Israel regains staunch ally as opposition wins Australia election
Following election of Liberal Party leader Tony Abbott, all three Jewish lawmakers in federal parliament are expected to return, with Joshua Frydenberg becoming the first Liberal Jewish member of government since the early 1990s.
SYDNEY – Israel once again has a staunch ally in Australia following the election of Liberal Party leader Tony Abbott as prime minister.
The Labor government was swept from its six-year term in office on Saturday as the conservative Liberal Party won a convincing, and expected, victory.
Abbott – a surf life-saver, volunteer fire-fighter and one-time trainee Catholic priest – is expected to lead a government of more 90 seats against Labor’s expected 55 seats in the new parliament.
Several of the 150 seats in the House of Representatives are yet to be confirmed.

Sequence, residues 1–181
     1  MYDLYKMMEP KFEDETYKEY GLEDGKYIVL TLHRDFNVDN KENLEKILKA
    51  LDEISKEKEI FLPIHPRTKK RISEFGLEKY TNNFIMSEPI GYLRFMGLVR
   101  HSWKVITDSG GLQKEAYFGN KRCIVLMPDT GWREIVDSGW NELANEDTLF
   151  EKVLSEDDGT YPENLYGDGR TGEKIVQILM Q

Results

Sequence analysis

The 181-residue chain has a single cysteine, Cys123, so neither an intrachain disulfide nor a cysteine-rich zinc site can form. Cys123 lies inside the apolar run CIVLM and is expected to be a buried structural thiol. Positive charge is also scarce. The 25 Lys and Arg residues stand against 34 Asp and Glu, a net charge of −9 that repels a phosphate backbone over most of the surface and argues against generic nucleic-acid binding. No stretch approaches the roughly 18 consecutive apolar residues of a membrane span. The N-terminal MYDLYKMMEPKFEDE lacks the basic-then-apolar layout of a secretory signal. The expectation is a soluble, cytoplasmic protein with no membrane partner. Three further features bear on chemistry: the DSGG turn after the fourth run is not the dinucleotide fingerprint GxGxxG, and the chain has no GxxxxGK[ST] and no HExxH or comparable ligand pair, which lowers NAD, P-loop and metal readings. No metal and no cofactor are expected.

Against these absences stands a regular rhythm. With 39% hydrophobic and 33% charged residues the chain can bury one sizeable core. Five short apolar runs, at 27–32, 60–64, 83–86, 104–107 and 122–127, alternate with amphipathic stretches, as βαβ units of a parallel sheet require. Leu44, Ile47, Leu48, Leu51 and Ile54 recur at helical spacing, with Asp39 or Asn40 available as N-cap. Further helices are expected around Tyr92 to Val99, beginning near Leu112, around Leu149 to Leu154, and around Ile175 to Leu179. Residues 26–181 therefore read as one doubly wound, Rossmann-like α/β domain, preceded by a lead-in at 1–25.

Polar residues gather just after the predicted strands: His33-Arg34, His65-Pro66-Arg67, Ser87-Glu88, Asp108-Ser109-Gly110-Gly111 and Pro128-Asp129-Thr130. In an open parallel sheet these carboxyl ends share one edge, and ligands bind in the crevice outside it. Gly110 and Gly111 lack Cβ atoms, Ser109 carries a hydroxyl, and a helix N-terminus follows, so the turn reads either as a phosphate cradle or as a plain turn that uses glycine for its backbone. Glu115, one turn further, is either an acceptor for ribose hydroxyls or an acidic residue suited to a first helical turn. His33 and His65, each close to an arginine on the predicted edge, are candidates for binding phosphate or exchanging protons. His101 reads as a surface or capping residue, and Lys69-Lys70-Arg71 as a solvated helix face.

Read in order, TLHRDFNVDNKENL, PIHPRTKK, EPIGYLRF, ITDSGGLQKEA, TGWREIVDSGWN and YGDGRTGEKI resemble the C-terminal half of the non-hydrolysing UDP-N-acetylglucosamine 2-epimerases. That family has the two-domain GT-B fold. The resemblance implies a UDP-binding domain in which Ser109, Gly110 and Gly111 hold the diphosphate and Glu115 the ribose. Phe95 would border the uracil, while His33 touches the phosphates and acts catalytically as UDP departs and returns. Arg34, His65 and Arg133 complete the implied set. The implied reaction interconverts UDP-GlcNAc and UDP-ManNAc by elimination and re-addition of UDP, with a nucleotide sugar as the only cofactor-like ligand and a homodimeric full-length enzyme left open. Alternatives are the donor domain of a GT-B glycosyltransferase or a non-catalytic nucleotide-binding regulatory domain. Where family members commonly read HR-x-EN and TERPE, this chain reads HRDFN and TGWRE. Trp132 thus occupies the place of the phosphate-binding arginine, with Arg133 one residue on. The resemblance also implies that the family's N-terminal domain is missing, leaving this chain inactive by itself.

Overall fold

The news will be welcomed by officials in Jerusalem, who have experienced turbulent diplomatic relations under Kevin Rudd, including the expulsion of an Israeli agent from its embassy in Canberra following the 2010 Dubai passports affair.
Rudd stood down from the party leadership on conceding defeat.
All three Jewish lawmakers in federal parliament are expected to be returned, with Joshua Frydenberg becoming the first Liberal Jewish member of government since Peter Baume in the early 1980s.
Labor’s Michael Danby and Mark Dreyfus – both of whom served in the cabinet of the Rudd government – will likely return to the opposition benches, though final ballots still need to be counted.
Labor’s Mike Kelly, who is married to a cousin of Ehud Olmert, is expected to hold his seat, but it was still too close to call on Saturday night.
Abbott has said he wants to return bilateral relations to the era of former Liberal leader John Howard, who was an unashamed and unapologetic supporter of Israel.
“I’d like to think that nowhere in the world [does Israel] have a stauncher friend than us,” Abbott told an Australia-Israel forum in Melbourne when he was first elected party leader in 2009.
The election was previously scheduled to clash with Yom Kippur but was brought forward one week when Rudd was reinstated leader six weeks ago in a last-ditch move by Labor to try and avoid the electoral wipeout predicted under Julia Gillard.